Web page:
The ethics of wild animal suffering

  • Ole Martin Moen UiO, Oslo
Keywords: animal ethics, anthropocentrism, duties of assistance, suffering, wildlife

Abstract

Animal ethics has received a lot of attention over the last four decades. Its focus, however, has almost exclusively been on the welfare of captive animals, ignoring the vast majority of animals: those living in the wild. I suggest that this one-sided focus is unwarranted. On the empirical side, I argue that wild animals overwhelmingly outnumber captive animals, and that billions of wild animals are likely to have lives that are even more painful and distressing than those of their captive counterparts. On the normative side, I argue that as long as we have duties of assistance towards humans suffering from natural causes, and we reject anthropocentrism, we also have duties of assistance towards animals suffering in the wild.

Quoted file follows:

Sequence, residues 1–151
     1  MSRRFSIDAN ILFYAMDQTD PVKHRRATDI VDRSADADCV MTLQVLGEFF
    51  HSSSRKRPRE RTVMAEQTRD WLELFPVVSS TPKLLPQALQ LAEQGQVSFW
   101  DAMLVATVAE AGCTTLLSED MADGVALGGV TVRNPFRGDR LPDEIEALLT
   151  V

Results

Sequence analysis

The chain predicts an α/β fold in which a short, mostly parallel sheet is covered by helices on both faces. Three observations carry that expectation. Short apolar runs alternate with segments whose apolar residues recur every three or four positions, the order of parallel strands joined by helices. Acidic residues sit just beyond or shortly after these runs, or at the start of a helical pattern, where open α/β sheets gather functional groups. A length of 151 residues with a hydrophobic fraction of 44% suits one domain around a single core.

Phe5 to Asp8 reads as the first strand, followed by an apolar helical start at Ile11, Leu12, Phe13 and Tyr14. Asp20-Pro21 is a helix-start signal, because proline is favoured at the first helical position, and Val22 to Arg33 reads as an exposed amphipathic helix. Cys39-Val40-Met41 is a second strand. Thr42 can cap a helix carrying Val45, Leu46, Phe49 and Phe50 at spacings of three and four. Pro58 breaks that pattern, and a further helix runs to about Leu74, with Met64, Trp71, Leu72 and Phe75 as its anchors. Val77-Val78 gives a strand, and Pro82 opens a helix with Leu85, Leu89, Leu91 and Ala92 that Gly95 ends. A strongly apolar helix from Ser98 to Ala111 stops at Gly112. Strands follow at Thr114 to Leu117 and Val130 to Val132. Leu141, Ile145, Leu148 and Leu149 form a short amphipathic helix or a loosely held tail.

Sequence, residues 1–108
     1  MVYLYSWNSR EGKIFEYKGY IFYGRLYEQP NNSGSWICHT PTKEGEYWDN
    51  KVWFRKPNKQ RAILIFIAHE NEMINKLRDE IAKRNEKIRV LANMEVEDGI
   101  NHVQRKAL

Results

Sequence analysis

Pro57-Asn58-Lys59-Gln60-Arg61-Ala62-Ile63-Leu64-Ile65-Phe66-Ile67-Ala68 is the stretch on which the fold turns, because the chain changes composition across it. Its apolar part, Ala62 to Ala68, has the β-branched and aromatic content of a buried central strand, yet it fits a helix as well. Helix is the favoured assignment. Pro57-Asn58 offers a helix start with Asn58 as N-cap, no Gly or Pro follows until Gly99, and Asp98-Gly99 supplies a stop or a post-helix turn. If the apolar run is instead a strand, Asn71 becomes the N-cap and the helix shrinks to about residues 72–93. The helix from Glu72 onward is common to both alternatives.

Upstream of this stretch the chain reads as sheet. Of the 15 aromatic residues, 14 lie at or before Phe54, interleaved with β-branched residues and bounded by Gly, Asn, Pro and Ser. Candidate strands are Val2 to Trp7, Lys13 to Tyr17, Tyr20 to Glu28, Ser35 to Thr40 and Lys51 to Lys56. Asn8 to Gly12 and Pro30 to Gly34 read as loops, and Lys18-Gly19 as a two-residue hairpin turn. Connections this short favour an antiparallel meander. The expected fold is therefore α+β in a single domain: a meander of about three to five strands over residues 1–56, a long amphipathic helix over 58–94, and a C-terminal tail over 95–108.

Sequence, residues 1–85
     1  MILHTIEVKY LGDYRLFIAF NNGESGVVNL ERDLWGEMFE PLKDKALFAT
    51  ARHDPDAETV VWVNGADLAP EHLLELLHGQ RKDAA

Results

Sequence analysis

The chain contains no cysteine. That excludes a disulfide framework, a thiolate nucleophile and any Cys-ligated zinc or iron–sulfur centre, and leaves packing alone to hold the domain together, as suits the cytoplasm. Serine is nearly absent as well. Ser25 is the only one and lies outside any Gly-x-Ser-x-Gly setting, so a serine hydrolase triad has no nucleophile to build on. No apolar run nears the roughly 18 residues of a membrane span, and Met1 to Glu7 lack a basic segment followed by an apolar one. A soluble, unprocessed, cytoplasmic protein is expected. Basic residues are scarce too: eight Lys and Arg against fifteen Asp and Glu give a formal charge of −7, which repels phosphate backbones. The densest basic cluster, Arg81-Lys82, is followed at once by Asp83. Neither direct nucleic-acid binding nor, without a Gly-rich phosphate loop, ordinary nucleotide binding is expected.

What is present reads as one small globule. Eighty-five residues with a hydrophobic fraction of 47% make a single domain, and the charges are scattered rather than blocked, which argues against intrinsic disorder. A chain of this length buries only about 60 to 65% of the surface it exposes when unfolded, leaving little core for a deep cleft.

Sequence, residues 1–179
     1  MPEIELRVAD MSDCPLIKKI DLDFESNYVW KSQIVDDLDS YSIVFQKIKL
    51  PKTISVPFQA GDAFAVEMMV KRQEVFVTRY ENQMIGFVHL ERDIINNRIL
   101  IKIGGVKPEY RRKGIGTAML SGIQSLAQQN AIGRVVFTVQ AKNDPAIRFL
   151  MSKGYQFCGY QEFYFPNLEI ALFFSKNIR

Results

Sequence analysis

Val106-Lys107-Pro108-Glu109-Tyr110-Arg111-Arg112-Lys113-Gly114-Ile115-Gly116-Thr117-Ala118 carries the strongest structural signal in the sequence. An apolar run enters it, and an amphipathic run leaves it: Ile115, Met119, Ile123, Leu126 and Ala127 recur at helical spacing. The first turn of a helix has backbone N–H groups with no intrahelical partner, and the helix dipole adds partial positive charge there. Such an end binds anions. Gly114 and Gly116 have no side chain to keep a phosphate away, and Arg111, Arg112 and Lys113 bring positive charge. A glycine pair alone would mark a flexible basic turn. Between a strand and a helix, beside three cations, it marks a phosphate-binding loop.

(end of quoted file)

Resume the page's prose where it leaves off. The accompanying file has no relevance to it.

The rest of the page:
Article first published online: 22 MARCH 2016

Author Biography

Ole Martin Moen, UiO, Oslo
Ole Martin Moen, PhD Postdoctoral Fellow in Philosophy, Centre for the Study of Mind in Nature, University of Oslo Email: o.m.moen@ifikk.uio.no Research area: ethics, especially thorny issues in applied ethics that have traditionally received little attention from philosophers
Published
2016-05-09
How to Cite
Moen, O. M. (2016). The ethics of wild animal suffering. Etikk I Praksis - Nordic Journal of Applied Ethics, 10(1), 91-104. https://doi.org/10.5324/eip.v10i1.1972
Section
Åpen del - Open section